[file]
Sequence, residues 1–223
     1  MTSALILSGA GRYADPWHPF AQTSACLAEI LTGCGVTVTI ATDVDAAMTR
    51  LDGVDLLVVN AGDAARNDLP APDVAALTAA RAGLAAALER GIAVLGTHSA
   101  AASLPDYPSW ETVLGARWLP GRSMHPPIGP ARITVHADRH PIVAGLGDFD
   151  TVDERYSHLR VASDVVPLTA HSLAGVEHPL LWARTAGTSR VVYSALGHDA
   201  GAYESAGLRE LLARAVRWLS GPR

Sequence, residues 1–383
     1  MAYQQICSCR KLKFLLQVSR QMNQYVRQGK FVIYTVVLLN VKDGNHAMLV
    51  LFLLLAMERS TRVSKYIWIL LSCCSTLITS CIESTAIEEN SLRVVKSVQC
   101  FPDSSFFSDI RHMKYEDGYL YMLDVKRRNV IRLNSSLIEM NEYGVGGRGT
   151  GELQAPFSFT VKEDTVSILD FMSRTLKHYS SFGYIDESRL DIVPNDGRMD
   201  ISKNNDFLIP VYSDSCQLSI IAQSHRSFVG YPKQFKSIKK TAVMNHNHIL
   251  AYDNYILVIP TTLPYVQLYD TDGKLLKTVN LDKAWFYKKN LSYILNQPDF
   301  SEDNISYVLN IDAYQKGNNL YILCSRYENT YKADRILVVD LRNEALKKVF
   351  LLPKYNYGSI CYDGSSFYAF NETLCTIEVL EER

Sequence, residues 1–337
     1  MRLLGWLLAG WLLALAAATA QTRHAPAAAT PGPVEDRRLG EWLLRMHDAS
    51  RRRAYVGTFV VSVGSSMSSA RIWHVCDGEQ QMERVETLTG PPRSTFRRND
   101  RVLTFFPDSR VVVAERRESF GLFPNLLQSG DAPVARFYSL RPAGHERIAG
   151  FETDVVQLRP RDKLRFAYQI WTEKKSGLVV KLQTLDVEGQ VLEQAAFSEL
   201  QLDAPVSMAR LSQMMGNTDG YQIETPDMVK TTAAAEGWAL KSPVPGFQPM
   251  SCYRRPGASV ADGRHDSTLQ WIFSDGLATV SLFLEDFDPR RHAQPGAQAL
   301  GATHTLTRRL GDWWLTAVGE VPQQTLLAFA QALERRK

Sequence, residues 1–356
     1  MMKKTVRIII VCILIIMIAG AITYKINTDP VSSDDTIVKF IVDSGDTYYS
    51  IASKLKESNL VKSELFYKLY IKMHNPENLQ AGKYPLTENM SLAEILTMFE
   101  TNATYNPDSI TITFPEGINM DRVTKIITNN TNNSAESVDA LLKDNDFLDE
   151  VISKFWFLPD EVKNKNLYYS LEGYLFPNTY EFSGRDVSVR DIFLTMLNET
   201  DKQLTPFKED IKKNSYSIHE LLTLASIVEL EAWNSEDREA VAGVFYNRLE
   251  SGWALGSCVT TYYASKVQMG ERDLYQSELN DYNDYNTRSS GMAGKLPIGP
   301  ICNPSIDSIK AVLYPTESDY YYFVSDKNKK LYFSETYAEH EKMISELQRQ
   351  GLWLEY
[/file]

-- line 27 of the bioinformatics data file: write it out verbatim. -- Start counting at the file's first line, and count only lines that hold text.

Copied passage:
   101  TNATYNPDSI TITFPEGINM DRVTKIITNN TNNSAESVDA LLKDNDFLDE